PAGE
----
Controlled airspace is often located around airports. Airports are places where manned aircraft—planes and helicopters—are operating at lower altitudes than they typically would otherwise. In these low altitudes areas, there’s a greater risk of a drone colliding with a manned aircraft, which is obviously very dangerous. Outside of these controlled airspaces, there’s a flat ceiling of 400 feet for drone flight for Part 107 operations.

Approximately 700 airports are using LAANC across the US. Many of those in close proximity to urban areas, where there’s a big potential for drone flights and surveying to provide value to different industry operations.

LAANC replaced a previous system where commercial drone surveyors were required to go through the FAA directly in a much more time-consuming progress. LAANC greatly expedites this for drone surveyors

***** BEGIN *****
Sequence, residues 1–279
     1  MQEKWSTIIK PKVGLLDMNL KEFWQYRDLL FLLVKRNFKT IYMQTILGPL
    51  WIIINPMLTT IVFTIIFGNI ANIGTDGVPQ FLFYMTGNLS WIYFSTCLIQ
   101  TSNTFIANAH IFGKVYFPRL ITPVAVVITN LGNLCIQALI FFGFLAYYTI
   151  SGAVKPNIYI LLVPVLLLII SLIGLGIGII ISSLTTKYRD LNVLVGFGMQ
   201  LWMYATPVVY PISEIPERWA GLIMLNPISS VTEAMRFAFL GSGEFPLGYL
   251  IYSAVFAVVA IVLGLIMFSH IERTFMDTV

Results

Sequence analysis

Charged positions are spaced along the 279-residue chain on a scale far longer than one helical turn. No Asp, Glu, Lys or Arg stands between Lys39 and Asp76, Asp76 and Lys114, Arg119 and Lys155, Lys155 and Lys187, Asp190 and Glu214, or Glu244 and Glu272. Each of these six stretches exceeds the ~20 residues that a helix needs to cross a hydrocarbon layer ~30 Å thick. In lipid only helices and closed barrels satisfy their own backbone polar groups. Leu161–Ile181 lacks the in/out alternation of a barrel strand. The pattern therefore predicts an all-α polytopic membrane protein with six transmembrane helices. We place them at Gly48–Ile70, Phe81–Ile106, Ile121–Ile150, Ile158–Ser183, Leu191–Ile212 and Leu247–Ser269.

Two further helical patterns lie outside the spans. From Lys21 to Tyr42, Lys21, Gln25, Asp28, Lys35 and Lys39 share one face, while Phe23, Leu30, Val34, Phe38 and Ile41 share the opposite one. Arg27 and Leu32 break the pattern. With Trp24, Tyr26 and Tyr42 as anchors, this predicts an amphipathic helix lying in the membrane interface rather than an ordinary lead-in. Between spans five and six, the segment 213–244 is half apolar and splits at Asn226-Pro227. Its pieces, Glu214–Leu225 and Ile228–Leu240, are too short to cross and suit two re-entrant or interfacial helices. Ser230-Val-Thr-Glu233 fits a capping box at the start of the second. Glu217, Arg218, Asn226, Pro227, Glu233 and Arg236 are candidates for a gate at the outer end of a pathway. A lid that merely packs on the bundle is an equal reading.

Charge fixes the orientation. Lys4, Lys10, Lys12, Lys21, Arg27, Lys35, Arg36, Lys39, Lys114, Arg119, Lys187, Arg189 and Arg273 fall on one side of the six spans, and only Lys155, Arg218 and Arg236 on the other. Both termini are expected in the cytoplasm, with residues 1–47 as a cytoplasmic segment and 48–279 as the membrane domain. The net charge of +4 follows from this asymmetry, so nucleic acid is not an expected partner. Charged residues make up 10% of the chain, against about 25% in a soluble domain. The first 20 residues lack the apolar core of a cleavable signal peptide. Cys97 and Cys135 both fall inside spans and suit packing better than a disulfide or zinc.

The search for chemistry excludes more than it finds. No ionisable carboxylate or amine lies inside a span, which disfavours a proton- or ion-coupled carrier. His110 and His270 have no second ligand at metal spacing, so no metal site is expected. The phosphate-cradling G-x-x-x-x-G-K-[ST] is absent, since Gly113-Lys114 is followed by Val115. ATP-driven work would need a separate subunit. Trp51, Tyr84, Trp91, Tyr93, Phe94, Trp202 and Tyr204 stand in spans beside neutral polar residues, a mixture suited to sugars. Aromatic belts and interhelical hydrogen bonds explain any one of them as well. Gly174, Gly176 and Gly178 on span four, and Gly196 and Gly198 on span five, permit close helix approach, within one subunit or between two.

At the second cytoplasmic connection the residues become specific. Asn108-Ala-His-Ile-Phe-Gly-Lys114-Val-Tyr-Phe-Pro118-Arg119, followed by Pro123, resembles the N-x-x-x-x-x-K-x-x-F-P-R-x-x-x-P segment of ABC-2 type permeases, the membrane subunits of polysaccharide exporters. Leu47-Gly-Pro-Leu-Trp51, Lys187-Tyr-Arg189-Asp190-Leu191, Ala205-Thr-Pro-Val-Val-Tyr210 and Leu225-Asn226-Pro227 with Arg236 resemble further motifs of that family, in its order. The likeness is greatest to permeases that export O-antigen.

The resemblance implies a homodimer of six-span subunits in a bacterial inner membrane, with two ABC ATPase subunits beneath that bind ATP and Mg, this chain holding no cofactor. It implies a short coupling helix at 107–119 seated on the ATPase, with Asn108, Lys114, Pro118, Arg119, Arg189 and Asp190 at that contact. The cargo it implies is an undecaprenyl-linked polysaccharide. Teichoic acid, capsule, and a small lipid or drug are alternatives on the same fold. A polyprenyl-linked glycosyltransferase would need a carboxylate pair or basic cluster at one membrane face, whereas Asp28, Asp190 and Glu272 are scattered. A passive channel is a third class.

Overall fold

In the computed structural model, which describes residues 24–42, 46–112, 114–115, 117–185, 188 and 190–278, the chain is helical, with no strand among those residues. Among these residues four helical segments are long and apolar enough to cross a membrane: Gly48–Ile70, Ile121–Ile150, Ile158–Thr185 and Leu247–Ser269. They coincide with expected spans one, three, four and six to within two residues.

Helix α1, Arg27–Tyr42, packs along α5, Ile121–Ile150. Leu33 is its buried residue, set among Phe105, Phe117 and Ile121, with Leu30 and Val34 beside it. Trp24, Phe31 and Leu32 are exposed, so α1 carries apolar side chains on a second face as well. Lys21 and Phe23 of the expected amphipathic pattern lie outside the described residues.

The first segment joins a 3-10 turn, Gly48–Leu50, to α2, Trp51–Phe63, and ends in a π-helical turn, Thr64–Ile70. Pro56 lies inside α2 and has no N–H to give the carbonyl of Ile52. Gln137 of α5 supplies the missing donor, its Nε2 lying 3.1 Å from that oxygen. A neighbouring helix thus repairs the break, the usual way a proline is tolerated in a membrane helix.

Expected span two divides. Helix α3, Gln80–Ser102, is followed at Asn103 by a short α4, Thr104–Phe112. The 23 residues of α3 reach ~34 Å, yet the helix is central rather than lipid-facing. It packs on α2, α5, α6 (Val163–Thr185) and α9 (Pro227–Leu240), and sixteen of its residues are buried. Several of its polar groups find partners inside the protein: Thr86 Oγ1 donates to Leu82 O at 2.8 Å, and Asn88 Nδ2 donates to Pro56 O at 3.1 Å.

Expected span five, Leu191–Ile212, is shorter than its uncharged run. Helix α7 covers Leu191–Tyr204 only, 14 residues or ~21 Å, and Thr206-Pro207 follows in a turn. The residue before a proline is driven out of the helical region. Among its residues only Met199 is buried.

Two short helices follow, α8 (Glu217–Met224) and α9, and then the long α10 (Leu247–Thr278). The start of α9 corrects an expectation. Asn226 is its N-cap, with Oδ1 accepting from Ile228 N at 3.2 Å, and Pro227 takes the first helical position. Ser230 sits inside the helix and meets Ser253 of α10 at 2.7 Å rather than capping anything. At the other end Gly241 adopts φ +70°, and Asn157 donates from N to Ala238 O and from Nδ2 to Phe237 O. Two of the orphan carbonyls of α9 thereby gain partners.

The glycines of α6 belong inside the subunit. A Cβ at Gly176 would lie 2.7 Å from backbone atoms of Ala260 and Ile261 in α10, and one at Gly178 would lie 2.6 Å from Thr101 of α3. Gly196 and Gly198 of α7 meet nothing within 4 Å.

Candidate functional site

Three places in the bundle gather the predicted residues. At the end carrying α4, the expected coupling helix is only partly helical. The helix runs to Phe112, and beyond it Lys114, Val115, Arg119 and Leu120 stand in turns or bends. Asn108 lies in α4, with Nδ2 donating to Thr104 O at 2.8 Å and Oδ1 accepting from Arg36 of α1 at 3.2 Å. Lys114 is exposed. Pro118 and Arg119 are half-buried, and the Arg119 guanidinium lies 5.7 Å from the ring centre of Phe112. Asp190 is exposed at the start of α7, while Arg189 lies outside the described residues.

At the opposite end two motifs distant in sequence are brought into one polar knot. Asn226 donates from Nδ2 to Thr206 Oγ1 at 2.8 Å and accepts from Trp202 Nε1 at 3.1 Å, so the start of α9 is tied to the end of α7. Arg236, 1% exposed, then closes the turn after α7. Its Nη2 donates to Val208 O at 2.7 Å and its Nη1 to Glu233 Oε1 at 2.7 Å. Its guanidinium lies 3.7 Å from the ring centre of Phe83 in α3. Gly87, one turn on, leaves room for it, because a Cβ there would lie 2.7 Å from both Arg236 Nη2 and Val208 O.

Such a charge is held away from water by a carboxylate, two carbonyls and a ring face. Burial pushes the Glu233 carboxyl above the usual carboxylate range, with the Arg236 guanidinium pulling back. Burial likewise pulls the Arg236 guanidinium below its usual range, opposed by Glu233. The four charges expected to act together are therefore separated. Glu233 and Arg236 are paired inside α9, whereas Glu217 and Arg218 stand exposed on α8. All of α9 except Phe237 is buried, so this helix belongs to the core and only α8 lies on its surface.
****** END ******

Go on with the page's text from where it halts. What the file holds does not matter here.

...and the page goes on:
If you’re Part 107 certified, do you still have to get authorization to fly in controlled airspace?

Yes. You legally need to get that authorization to operate a drone.

Before LAANC, what did the process of working directly with the FAA for this authorization look like?

You submitted a written application to the FAA. I wasn’t a fan of the paperwork—very complex in some cases—and it could take weeks to months to hear anything back.

What’s the advantage of getting authorization through the LAANC system?

Authorization can happen almost immediately. This means you don’t have to schedule things with uncertainty in the future.